My name is Liz. I had my first psychotic break in 1995 when I was 15 years old at a camp for highly intelligent kids who thought they might go to law school someday. I was having visual and auditory hallucinations. Apparently that isn’t normal. I had a few misdiagnoses but was eventually diagnosed as Bipolar I and have been treated for it now for several years.

In 1998, while a first year student in college I was sexual assaulted. I was dealing with that and Bipolar, had another psychotic break and yet still successfully graduated. I went on to graduate school. While in grad school, I had my third psychotic break. I also realized I had been raped and began to face that reality.

When I went to get my first full time job out of college, I was in a full blown depression. And since people usually don’t like sad people, I had a hard time getting hired. So I worked three part-time jobs to make ends meet. Somedays I didn’t eat to save money.

Then I got my first full time job and for the first time in my life I had health insurance. During that time, I was diagnosed with Post Traumatic Stress Disorder (PTSD). I actually started to talk about my sexual assault. Not really with many friends or family, but at least with my therapist.

Holding a professional full time job in a very stressful career wasn’t easy. I often bawled my eyes out in the bathroom in between important meetings. But I survived it for a few years. During that time, I was diagnosed with Obsessive Compulsive Disorder (OCD). The main reason I was diagnosed was because of the obsessive thoughts. One thought about one insignificant thing would keep me awake all night and would seriously interrupt my life.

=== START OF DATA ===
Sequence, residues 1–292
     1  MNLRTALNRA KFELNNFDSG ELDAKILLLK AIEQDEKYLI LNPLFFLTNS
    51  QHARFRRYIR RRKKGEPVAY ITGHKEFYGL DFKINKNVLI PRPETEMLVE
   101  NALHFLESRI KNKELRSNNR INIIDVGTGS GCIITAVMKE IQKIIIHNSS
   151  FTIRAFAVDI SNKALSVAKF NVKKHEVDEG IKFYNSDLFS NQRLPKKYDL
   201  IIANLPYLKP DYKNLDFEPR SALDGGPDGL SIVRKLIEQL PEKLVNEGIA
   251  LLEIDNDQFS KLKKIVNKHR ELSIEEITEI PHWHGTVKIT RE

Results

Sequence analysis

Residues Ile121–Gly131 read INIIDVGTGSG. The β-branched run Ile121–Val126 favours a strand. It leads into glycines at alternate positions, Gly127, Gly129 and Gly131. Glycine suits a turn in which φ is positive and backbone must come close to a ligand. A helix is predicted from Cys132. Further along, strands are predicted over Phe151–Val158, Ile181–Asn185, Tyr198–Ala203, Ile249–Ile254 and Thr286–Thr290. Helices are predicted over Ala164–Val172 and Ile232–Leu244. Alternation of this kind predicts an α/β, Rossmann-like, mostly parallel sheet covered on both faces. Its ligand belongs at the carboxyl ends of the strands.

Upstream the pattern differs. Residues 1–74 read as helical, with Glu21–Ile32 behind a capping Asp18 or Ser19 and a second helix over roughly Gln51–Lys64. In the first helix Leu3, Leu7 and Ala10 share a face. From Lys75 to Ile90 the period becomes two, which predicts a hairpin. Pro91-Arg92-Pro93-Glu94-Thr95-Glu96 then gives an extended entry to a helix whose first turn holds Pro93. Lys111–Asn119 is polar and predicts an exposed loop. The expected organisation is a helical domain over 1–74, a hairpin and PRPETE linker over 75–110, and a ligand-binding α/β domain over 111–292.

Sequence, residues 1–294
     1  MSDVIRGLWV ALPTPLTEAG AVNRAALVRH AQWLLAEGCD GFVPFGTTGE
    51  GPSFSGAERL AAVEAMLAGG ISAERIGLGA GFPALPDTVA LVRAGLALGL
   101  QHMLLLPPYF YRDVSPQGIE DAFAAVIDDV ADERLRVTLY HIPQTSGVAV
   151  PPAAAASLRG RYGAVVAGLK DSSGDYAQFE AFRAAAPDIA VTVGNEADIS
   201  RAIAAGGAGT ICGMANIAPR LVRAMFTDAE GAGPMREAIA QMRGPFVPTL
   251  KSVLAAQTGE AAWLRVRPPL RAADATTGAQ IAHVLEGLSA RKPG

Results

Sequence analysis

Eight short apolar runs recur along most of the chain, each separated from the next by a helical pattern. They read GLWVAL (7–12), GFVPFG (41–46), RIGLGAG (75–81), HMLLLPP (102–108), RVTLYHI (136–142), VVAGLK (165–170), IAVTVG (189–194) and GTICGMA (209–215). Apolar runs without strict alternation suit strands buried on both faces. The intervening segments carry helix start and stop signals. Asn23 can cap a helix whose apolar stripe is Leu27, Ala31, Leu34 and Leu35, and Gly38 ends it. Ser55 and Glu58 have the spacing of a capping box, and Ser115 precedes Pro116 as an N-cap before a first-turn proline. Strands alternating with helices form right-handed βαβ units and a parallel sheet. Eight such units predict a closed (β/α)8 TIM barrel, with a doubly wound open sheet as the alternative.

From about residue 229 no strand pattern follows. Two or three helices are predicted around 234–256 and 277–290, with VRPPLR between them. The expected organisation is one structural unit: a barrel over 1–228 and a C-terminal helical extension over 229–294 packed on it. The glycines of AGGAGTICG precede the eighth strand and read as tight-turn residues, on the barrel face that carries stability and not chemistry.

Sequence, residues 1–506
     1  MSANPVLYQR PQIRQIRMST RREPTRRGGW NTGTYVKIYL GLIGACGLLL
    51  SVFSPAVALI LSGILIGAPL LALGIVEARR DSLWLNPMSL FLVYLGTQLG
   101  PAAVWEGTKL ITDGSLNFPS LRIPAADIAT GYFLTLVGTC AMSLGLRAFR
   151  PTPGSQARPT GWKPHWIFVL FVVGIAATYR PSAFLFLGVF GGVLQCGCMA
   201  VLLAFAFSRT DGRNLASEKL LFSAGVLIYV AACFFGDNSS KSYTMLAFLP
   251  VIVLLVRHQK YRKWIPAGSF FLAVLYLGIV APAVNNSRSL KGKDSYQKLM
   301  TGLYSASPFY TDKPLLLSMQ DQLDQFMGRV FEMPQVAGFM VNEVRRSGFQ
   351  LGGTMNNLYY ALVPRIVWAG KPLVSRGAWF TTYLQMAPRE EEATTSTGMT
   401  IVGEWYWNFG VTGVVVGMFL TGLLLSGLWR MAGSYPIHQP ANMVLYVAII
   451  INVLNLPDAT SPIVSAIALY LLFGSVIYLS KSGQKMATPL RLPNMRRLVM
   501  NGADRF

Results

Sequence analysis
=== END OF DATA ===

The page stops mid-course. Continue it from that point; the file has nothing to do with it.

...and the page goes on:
I had to leave my professional job for many reasons including that it regularly caused me to have flashbacks from my sexual assault. That’s a long story, but my mental health was my priority for leaving. I was also starting to have physical health problems.

A year after leaving that job and being unemployed/underemployed I was diagnosed with Thyroid Cancer. The most annoying part about cancer was all of the sympathy I received. I never received an ounce of sympathy about mental health – when all of it, in my experience, was much much worse than cancer.

Now I share my story online in hopes that I help to reduce the stigma that people have about mental illness. My mental illnesses are diseases, just like my cancer, and need to be treated in a similar way. If I, myself, can’t share my story then it indicates that I also have stigma so I discuss my mental health issues just like I do anything else. I have found that when I share my story, I have an impact. Sometimes I don’t know it immediately, but I have been applauded for my courage many times when later someone has a diagnosis in their family.

I know for sure through my blogs, and, that I have helped many people. I’ve received several messages and support from my readers in all kinds of ways I never imagined. Some people have criticized my move to be transparent, but the pay off is totally worth it. In writing this post, I hope to encourage others to share their stories.


Elizabeth Barnett is a stigma fighter residing in Cincinnati, OH. She grew up in the Appalachian region of Southern Ohio where, to this day, mental health care access is limited. She went on to receive a B.A. in Sociology with a minor in Psychology from Wittenberg University and an M.Ed. in Higher Education Administration from Ohio University – Athens. She also began her M.B.A. studies just before receiving treatment for cancer. She is currently self employed and has multiple websites/blogs including and You can follow her on Twitter at